In the initial action by the board, voting in favor of the plan were: Diana Wright, vice president; Betty Ramsdell, secretary; and Vera Perry, trustee.  Voting against the plan were: Danielle Green, treasurer; Carol McIntosh, trustee.

Both Green and McIntosh praised Steward for the amount of work that went into developing the plan.  And then they both voted to reject it.

Green was the first to raise objections to the plan.  “For me, I just cannot accept the thought of children going back into the buildings,” she said.  “So, I will not be supporting that they go back at the end of August.”

“I’m concerned too, especially with the (cleaning) because we don’t do that well,” said McIntosh in explaining her no vote.  “That’s a different level of cleaning because lives are depending on it.”  She added, “It’s a lot to ask young children to be able to follow these strict instructions every day.”

“I am concerned about teachers going back to school with a room full of young children.  The younger ones do not understand that they can’t touch their friends, their teacher, or everything in the classroom.  How can our safety be guaranteed?” an online commenter. Pam Pfeiffer, said during the virtual  meeting.

Facing the prospect of beginning the school year in two weeks with no plan for reopening, Ramsdell, Perry, and Wright prevailed upon the dissenting voters in the virtual discussion to reconsider.

“I’m going to ask if either one of the people who voted ‘nay’ would reconsider,” urged Ramsdell.  “I just think this is so important, all the work that went into this.”

“I think the plan that Ms. Steward and her team has put forward is a very good plan,” judged Wright.  “I’m going to view it as I do all good plans; they always have the ability to be revised.  I think the plan is inclusive and gives us the ability to work with any scenario that may come forth.”

McIntosh signaled her willingness to change her vote.  The board then approved the Steward administration’s plan for reopening Flint schools on a 4-1 vote.

The board of education’s initial vote against the plan surprised some observers, who noted that the same board had roundly applauded the choice of Steward as Flint’s new superintendent on June 25 but also initially rebuffed three of her key initiatives.  Less than a month into Steward’s administration, board votes initially derailed a plan to move junior high school students from the Northwestern building to Brownell, nixed the hire of Stacey Watson as the new junior high school principal, and nearly rejected plans to reopen Flint schools.

Early start in crafting FCS reopening plan:

Steward informed FCS board members that committee work for the reopening of Flint schools started before Michigan Governor Gretchen Whitmer’s office unveiled its school reopening plan on June 30 titled MI Safe Schools: Michigan’s 2020-2021 Return to School Roadmap.

“We wanted to start early so that…we would be prepared,” said Steward.  Nonetheless, after its release, pieces from the governor’s plan were inserted into the Flint plan.

Steward said the six committees who developed the plan were staffed by board of education members, administrators, union representatives, paraprofessionals, parents, and community partners.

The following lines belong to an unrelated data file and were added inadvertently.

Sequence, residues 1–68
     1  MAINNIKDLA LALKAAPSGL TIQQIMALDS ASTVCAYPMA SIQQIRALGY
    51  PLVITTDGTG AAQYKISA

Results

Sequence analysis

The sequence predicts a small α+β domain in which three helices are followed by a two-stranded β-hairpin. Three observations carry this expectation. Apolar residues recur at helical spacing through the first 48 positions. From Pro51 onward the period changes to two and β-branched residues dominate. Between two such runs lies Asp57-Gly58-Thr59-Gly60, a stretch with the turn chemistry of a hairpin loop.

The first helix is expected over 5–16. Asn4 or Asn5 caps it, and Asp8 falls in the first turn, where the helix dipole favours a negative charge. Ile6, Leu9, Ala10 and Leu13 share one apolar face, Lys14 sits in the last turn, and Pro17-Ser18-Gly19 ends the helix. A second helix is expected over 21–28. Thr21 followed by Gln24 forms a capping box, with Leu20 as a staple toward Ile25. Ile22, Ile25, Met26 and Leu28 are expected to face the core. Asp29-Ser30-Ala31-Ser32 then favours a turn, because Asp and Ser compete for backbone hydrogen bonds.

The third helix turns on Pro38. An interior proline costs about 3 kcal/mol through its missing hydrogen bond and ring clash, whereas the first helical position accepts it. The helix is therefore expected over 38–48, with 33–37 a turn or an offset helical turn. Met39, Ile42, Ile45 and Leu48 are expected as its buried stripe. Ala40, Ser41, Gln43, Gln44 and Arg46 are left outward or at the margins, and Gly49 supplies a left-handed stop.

“Only Karen Christian (United Teachers of Flint president) was a part of one of the committees for UTF,” read a comment submitted online to board members by someone identifying as Bruce Jordan.  “No ratifications or meetings held yet to go over any of this plan with UTF.”

Phase 4 status:

The aforementioned Return to School Roadmap released by the Michigan governor’s office provides for six Michigan Safe Start Phases.  In phases 1, 2, and 3 there would be no face-to-face/brick-and-mortar instruction; schools would be closed.  In phase 4, schools have the option of face-to-face/brick-and-mortar instruction, or virtual/online instruction, or a hybrid of the two.  In phases 5 and 6, schools must reopen for face-to-face instruction.

Steward informed FCS board members that the state is currently in a Phase 4 status.  The criteria for determining a phase 4 status, in terms of the “virus status”, include:

  • The number of new cases and deaths has fallen, but overall case levels are still high.
  • Most new outbreaks are identified, tracked, and contained due to testing and tracing.
  • The health system can handle new outbreaks.
  • Social distancing is still needed to limit the spread of the virus.

Multiple sources for FCS reopening plan:

While borrowing from Michigan’s Return to School Roadmap after its release, the FCS reopening plan relied heavily upon two plans: Nashville Plan: Framework for a Safe, Efficient, and Equitable Return to School, and Return to School Roadmap/Where Public Education and Public Health Meet by Opportunity Lab Initiative.

In all, nearly 20 plans for reopening schools were listed as “Resources” at the end of the FCS plan released to the public.  It included plans from three Michigan school districts and plans from at least five other states.

The best laid plans:

“Excellent,” observed Ramsdell following Steward’s presentation of the FCS reopening plan.

“Kudos,” said Perry.  “We now have a plan that’s going to cover every piece of education we’re going to have to do.”

EVM Education Beat reporter Harold C. Ford can be reached at



Author: East Village Magazine